Broadway's original Mary Poppins was destined for the role. Songbird Ashley Brown, born 20 years after Disney's movie release, grew up watching the film at home.
"Being a little girl from the South, I never thought it would be in the cards for me, playing an English nanny," she said. "Back then, I had my own dance to every number; I knew all the words."
Thursday at Strathmore, she performs "A Spoon Full of Sugar," along with some of the most popular musical selections from stage and film, when she stars with wildly popular Pops conductor Jack Everly and the Baltimore Symphony Orchestra in a program devoted to Broadway hits and Disney classics.
Brown, who Showbiz Chicago calls "the most versatile and noteworthy young talent on the Broadway stages," is the perfect choice for this musical salute to the toe-tapping tunes America has come to call their own.
|Jack Everly and the BSO Broadway Classics with Ashley Brown|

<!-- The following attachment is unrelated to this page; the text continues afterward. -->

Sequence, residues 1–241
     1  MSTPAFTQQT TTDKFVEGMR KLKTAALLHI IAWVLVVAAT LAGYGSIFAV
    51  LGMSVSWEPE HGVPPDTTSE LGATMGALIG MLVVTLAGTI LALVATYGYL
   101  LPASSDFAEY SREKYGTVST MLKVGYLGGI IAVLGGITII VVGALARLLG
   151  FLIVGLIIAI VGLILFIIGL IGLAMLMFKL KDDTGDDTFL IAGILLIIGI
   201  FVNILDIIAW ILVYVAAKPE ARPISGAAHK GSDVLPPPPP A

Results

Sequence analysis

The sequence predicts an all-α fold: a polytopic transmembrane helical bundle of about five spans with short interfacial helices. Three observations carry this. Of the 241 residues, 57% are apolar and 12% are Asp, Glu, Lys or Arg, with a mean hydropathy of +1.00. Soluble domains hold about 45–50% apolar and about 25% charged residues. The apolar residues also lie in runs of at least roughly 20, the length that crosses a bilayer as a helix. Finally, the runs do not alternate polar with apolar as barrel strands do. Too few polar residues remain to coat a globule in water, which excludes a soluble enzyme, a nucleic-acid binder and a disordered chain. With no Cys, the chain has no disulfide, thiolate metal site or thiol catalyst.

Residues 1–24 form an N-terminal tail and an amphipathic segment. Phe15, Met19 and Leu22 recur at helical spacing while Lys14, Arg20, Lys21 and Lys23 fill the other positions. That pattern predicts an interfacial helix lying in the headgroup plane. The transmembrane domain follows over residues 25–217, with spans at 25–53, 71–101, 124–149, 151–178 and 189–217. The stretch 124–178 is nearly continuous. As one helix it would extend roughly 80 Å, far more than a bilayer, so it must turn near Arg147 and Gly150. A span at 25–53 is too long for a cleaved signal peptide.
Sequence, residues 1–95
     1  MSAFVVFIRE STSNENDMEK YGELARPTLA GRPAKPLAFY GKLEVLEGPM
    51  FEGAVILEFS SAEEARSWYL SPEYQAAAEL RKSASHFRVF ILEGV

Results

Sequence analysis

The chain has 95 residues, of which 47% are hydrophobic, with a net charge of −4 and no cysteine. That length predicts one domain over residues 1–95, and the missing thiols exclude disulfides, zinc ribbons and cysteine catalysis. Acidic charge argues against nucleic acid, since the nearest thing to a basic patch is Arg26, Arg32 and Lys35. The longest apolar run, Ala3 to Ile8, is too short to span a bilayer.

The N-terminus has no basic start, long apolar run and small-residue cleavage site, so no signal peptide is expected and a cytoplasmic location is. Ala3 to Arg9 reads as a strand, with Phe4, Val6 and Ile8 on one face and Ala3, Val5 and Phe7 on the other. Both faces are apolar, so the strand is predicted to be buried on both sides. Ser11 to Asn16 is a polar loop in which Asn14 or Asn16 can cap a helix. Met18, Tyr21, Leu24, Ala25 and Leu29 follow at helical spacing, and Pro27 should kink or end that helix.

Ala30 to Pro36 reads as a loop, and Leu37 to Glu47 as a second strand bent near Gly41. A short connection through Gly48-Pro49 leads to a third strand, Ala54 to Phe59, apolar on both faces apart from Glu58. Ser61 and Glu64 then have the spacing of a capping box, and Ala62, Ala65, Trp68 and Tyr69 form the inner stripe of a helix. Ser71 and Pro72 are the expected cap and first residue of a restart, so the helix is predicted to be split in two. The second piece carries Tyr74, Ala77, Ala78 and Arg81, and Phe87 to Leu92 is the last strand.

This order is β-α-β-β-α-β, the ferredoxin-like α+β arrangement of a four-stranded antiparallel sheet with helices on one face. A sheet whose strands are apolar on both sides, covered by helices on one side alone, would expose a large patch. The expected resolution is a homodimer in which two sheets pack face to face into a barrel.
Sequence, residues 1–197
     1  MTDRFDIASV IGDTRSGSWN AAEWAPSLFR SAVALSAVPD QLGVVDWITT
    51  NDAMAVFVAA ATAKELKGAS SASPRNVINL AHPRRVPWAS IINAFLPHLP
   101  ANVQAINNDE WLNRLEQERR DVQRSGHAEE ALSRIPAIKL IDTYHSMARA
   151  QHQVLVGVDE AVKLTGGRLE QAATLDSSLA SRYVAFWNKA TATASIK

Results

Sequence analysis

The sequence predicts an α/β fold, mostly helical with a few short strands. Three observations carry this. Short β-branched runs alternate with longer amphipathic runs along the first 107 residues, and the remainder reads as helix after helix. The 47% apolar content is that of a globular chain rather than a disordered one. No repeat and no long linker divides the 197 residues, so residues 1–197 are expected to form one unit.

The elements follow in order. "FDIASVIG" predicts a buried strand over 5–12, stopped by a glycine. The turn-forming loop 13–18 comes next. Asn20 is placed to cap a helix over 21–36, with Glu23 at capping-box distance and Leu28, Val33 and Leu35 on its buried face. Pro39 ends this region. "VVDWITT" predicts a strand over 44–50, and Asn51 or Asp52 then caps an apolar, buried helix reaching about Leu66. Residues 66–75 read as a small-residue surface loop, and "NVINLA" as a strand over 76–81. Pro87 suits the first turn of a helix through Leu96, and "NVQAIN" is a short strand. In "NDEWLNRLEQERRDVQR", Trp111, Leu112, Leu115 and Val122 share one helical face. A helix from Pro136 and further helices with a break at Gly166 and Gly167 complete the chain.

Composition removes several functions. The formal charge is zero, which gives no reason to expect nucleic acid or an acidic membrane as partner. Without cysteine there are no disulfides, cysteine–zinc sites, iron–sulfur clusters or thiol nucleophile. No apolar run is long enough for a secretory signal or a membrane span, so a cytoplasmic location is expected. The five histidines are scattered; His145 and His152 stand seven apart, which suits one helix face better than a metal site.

|» Where: The Music Center at Strathmore, 5301 Tuckerman Lane, North Bethesda|
|» When: 8 p.m. Thursday|
|» Info: $29 to $91; 410-783-8000; bsomusic.org|
"[Jack and I] work together a lot, actually," she said. "He gave me my first orchestra job back in 2004 [and] hired me right out of college to sing with the Indianapolis Symphony. It was a dream come true to be onstage with an orchestra."
Brown enjoys having the option of doing a Broadway show (where she is part of a huge, visual performance, creating a character onstage, such as Poppins) and then performing in concerts and cabarets as, she notes, "just Ashley."
"I can break that 'fourth wall,' and I can talk to audiences," she said. "I don't have to say the same [lines] every night; I can be more organic."
In that respect, she is very much like Everly, himself, who is known and appreciated for providing background information on the music while drawing the audience to him with his humorous quips. Putting the show together was about finding the music both he and Brown love performing. These include songs such as "A Whole New World" from "Aladdin," "Defying Gravity" from "Wicked" and a perennial favorite, "Make Someone Happy."
"I think people will be surprised at how much they can relate to these songs," Brown said.